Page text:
Dismiss Notice
Join Physics Forums Today!
The friendliest, high quality science and math community on the planet! Everyone who loves science is here!

Homework Help: Variable Separation

  1. Aug 28, 2010 #1
    1. The problem statement, all variables and given/known data

    [tex]x^2y'=1-x^2+y^2-x^2y^2[/tex]

    2. Relevant equations

    n/a

    3. The attempt at a solution

    I am trying to separate the y terms on one side and the x terms on the other so I can solve this differential equation. I've tried everything I can think of, but cannot get them on their respective sides.

    Any hints starting in the right direction?
     
  2. jcsd
  3. Aug 28, 2010 #2
    [tex]x^2y'=(1-x^2)+(1-x^2)y^2[/tex]
     
  4. Aug 28, 2010 #3
    That was actually what I tried in the beginning.

    Next I tried dividing everything by x^2 to get y' alone. Then tried subtracting (1-x^2)y^2. Then spent the next ten minutes moving things back and forth until I started over.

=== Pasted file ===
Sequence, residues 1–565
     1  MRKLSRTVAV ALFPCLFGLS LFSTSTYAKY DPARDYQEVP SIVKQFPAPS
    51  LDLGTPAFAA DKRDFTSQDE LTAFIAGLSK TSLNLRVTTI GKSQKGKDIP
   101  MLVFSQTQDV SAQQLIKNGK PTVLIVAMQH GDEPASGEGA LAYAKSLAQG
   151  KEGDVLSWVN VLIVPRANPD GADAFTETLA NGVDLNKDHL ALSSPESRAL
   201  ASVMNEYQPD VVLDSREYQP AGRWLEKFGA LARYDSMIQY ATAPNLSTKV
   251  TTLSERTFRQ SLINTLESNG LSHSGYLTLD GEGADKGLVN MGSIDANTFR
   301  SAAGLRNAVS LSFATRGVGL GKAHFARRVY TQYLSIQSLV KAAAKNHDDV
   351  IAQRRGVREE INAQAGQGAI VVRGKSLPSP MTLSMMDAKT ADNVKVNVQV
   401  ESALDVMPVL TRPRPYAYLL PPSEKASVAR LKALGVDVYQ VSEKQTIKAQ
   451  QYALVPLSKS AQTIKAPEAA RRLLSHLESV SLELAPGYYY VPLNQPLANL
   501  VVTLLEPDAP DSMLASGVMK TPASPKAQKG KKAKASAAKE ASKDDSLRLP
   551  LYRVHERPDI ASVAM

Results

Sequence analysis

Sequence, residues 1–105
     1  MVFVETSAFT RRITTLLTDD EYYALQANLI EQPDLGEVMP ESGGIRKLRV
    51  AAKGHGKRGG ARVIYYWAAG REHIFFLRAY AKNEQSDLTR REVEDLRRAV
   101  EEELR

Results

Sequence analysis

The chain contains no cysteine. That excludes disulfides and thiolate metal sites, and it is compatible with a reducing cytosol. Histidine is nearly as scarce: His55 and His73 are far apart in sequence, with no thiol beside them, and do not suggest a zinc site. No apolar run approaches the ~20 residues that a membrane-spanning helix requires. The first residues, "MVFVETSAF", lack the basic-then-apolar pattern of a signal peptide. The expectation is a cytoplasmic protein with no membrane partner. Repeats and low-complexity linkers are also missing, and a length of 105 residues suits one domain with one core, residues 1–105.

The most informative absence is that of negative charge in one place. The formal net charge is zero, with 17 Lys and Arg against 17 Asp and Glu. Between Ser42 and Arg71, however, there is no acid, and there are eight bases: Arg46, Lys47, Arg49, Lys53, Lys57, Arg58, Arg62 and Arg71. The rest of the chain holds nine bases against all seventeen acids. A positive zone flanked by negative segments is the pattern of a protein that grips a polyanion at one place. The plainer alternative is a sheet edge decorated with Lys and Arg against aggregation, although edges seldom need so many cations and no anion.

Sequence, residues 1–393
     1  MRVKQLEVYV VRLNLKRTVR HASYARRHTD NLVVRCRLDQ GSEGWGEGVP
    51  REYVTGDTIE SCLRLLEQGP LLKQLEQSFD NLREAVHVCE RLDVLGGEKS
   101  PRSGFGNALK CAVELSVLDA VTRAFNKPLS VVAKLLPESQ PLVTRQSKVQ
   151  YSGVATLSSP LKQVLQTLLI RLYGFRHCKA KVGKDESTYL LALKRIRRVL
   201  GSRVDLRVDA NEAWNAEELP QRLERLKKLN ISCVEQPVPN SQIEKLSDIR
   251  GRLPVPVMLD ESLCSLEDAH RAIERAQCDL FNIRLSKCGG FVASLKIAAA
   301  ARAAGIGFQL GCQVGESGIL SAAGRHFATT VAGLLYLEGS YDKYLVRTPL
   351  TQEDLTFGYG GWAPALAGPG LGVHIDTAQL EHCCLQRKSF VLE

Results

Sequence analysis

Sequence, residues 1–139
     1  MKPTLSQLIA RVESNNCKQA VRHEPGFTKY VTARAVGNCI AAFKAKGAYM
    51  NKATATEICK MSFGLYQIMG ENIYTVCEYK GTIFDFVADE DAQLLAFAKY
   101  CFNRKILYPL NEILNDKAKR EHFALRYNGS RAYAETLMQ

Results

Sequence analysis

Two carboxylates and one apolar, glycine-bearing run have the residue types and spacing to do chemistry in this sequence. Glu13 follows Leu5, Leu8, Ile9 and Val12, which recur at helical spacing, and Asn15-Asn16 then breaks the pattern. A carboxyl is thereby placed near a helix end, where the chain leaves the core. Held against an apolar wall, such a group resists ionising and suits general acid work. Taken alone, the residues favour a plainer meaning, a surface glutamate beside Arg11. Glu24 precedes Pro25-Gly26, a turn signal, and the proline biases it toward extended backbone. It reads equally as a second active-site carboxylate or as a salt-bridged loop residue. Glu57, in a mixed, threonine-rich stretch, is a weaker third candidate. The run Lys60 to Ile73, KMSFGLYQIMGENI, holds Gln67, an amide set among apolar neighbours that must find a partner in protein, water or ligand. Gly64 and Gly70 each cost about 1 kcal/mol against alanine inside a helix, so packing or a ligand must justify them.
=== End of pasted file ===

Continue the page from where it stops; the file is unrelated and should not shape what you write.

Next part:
This is really stupid, but say I am dividing both sides by y^2. It has to go into all three pieces, correct? It doesn't just get cancelled out one the one side, does it?
     
  5. Aug 28, 2010 #4
    hmm, you can factorize [tex]
    (1-x^2)
    [/tex]

    [tex]
    (1-x^2)(1+y^2)
    [/tex]

    ;P
     
  6. Aug 28, 2010 #5
    Haha, thanks.

    I love spending forever on some problems, only to find out the easiest method is the correct answer. I always get stuck on the easiest ones. I don't get it. :rofl:


    [tex](1-x^2)(1+y^2) = 1-x^2+y^2-x^2y^2[/tex] aka the original problem. I don't think they make factoring problems easier than that.:tongue:
     
    Last edited: Aug 28, 2010
Share this great discussion with others via Reddit, Google+, Twitter, or Facebook